PASSIMer of the month (Gustav)

PASSIMer of the month is Gustav Källstrand. Gustav has been a part of PASSIM since the very beginning and that first trip to Mundaneum in Mons. 

My main research interest is the cultural history of science, that is, how we ascribe meaning to scientific ideas and legitimacy to scientific institutions (and to the institution of science itself). Early on in my career I started looking at the Nobel Prize, since it is perhaps the most visible and prestigious cultural symbol of science, and have been so almost since its creation 120 years ago.

I work at the Nobel Prize Museum in Stockholm, an institution devoted to both conduct public outreach activities (exhibitions, lectures et c) about the prize, the laureates, and their work and to investigating the history of the prize. Earlier this year, I published a comprehensive study of the prize’s history during its first three decades, a period I consider to be formative both for the internal organization of the institution and for its relationship with the press. The book is in Swedish, but I have also published papers based on the underlying research – for example about the Nobel laureates as scientific celebrities.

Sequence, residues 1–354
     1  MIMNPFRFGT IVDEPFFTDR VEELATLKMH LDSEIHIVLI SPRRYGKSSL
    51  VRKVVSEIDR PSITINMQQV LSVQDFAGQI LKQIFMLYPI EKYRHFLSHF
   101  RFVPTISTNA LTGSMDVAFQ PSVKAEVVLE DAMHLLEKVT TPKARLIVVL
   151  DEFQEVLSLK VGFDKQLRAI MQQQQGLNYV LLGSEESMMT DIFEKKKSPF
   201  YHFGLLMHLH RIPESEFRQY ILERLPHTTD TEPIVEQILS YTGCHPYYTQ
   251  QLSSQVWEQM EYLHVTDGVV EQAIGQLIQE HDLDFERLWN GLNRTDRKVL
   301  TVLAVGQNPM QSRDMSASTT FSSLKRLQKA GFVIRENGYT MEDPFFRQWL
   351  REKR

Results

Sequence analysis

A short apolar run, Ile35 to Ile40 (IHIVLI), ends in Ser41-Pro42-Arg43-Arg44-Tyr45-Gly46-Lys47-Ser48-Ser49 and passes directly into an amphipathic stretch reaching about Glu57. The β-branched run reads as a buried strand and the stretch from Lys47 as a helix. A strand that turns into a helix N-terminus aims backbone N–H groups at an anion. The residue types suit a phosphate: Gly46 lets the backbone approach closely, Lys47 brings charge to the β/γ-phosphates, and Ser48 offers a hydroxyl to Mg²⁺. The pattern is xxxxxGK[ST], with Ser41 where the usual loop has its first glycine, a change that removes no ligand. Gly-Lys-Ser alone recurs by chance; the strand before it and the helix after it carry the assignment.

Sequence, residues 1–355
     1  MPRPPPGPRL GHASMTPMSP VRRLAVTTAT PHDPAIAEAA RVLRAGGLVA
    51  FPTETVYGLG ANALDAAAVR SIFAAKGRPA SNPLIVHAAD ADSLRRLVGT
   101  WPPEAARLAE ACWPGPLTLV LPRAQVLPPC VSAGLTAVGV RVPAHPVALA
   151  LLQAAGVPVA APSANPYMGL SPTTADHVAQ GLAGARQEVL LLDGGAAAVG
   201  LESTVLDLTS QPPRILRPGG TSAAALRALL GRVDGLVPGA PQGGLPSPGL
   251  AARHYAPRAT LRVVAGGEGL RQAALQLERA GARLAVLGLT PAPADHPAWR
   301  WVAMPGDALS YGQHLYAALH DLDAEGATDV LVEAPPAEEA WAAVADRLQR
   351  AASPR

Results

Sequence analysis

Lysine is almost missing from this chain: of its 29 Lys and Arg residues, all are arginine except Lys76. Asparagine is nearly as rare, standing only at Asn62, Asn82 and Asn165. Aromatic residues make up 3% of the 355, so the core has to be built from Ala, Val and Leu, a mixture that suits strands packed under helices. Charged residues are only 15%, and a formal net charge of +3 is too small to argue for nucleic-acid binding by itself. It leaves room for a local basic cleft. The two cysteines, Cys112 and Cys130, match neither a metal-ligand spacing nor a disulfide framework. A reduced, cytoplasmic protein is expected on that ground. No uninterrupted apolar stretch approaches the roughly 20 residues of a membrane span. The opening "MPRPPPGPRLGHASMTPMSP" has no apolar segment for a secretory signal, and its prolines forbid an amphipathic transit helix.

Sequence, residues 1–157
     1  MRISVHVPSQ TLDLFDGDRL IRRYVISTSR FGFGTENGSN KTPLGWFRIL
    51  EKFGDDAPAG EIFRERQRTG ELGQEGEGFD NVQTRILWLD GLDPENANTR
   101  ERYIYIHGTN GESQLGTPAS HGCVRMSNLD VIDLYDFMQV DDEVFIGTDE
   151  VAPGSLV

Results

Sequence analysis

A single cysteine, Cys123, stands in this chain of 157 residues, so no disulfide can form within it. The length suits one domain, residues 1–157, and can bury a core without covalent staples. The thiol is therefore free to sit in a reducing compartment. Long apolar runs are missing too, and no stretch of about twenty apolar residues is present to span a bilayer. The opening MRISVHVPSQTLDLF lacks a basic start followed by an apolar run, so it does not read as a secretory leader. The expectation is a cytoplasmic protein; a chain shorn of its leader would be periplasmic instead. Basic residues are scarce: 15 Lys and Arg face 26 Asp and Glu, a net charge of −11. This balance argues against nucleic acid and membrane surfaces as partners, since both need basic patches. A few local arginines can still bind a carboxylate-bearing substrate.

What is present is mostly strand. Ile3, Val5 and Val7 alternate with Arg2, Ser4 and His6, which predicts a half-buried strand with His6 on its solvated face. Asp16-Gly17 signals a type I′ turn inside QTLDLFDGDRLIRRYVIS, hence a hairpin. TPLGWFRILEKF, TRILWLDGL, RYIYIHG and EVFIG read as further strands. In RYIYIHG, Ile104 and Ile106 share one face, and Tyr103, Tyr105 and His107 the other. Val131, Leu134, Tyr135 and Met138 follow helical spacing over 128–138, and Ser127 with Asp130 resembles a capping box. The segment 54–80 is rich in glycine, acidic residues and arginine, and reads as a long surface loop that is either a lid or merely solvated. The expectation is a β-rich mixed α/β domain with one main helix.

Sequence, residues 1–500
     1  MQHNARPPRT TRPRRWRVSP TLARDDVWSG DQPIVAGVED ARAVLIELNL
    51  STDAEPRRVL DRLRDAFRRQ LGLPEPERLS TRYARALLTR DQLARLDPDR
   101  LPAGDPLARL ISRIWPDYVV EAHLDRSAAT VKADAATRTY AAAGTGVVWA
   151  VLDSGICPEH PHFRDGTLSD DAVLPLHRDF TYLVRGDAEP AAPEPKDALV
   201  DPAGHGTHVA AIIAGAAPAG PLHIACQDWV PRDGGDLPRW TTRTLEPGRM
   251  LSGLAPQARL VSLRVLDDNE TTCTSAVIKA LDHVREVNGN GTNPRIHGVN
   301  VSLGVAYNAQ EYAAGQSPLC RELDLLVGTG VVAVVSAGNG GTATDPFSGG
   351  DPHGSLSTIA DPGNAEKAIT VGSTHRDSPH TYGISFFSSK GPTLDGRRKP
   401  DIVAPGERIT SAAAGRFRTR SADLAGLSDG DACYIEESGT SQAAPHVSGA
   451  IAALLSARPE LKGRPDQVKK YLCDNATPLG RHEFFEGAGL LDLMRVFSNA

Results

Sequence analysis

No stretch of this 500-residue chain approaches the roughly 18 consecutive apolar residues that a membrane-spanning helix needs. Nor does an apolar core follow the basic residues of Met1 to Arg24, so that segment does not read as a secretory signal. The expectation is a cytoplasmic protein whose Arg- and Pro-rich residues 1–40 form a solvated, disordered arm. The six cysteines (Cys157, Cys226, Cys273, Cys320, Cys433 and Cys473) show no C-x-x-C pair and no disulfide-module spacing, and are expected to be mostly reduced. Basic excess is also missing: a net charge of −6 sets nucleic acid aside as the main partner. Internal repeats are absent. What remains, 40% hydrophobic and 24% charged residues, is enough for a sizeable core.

In PASSIM, I work on a project looking at how the early Nobel committees in physics and chemistry valued practical usefulness when evaluating candidates for the prize. The founding document for the prize, the will of inventor Alfred Nobel, states that it should be awarded to those who had conferred the ”greatest benefit to humankind”. What I have been doing in the PASSIM project is to look at how this “benefit” was defined, especially with regards to the possible use of patents as documents to support candidates.